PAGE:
As the old saying goes, “One tequila, two tequila, three tequila, floor.” But before they hit "floor," most tequila fans would likely be curious to know where their favorite spirit actually comes from, especially on National Margarita Day.
To answer that question, Fox News consulted Guillaume Cuvelier, tequila expert and co-owner of Astral Tequila, and he took us all the way back to the 16th century.
“The Scotch were distilling Scotch, the French were distilling cognac, the Russian and the Scandinavian folks were distilling vodka, the Spanish were distilling grapes to make brandy, and the Mexican people started to distill the agave plant to make mezcal," said Cuvelier.
Cuvelier steered tequila’s history to the Spanish conquistadors who, he explained, “ran out of brandy, which is a problem when you have an army of thirsty soldiers, so they wanted to drink something, and discovered mezcal.”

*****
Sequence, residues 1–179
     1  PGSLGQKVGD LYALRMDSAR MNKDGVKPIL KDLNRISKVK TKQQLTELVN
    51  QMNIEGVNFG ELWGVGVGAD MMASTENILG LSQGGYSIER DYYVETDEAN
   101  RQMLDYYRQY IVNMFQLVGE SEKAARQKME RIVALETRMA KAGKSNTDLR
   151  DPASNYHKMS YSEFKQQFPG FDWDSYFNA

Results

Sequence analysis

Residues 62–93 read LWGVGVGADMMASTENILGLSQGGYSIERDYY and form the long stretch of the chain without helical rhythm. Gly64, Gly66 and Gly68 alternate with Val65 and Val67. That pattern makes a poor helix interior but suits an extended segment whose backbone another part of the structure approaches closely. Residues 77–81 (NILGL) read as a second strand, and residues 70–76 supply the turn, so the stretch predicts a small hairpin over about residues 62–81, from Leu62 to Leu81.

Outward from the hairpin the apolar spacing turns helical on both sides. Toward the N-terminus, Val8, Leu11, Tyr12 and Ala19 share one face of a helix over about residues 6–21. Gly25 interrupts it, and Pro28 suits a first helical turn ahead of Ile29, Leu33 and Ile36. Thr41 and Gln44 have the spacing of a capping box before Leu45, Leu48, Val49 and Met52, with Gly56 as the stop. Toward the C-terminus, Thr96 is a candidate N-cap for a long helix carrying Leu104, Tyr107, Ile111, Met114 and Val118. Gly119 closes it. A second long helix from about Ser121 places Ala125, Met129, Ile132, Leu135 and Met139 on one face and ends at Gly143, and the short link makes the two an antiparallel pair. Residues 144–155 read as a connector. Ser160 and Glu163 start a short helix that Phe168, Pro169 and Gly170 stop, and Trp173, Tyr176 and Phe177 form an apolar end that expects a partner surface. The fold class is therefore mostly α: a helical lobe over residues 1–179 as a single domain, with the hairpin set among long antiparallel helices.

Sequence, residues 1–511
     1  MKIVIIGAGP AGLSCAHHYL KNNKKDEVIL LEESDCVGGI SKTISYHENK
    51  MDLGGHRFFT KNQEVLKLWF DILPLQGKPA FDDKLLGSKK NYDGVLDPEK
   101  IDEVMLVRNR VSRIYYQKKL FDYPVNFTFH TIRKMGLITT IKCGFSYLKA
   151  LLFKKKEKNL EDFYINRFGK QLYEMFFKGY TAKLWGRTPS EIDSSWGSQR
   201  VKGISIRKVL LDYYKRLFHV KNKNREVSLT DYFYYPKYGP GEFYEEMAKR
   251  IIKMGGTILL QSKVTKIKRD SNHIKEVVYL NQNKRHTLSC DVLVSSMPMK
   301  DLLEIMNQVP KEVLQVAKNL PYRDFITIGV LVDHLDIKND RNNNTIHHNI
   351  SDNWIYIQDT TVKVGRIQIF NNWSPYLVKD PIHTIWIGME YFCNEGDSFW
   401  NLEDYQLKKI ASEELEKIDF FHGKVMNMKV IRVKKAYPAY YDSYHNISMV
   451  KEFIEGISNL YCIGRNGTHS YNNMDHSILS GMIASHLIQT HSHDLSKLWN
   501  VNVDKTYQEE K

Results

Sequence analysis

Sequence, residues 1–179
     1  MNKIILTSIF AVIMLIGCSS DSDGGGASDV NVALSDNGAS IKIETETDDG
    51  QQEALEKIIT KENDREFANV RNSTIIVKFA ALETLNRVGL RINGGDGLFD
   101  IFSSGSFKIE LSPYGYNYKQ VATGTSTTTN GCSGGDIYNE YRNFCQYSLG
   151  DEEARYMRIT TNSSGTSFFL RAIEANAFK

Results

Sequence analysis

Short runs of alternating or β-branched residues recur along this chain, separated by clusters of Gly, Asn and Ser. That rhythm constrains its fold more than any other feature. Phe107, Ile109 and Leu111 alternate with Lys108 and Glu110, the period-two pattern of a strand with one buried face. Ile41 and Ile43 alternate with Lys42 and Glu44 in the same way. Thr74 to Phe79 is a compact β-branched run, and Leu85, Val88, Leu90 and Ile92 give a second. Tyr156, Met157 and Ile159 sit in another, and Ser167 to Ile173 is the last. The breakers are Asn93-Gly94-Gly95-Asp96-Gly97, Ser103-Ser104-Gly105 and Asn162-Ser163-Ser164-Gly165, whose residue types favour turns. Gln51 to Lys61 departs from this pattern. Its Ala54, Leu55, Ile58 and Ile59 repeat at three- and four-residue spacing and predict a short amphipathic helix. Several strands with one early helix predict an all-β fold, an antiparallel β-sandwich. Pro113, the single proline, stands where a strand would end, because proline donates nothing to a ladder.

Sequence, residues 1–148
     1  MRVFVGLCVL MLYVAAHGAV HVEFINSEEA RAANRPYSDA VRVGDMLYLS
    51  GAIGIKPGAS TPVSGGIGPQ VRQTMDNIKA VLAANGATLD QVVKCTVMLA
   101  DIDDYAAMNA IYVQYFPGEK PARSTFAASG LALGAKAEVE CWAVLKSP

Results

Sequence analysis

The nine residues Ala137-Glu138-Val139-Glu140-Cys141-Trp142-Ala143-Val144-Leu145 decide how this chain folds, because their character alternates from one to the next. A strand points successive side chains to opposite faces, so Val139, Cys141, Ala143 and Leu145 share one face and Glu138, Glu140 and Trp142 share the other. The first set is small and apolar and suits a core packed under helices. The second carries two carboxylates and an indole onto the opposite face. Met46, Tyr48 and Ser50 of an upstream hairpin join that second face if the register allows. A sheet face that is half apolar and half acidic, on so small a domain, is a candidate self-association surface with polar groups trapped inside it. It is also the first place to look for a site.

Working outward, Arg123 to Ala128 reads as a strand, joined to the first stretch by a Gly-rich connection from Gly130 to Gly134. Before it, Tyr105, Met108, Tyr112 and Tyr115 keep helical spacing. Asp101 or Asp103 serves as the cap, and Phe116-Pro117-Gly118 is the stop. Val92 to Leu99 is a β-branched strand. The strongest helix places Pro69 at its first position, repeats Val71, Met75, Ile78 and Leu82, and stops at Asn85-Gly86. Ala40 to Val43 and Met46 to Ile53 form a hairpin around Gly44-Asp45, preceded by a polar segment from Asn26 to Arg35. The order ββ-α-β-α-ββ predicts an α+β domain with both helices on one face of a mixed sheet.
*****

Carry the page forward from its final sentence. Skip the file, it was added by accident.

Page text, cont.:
So, are tequila and mezcal the same thing? Not quite.
“All tequilas are mezcal, but not all mezcals are tequila,” said Cuvelier. More specifically, it works like this: Mezcals can be made anywhere in Mexico from multiple agave plants, but tequila can only be made from the Blue Weber Agave plant. Therefore, all tequila is technically mezcal, but only mezcals that are made to certain specifications — and with a specific agave plant — can call itself tequila.
Tequila production is also confined to certain locations in Mexico, including the Mexican state of Jalisco and particular municipalities in the states of Tamaulipas, Nayarit, Michoacán, and Guanajuato, according to Cuvelier.
There's one other qualifier for a great tequila, according to the Astral co-owner: "One of the things critical in the making of tequila is a the roasting of the agave.”
To see more about the process, along with Guillaume Cuvelier’s full interview, watch the video above. (And beware of that pesky floor, while you're at it.)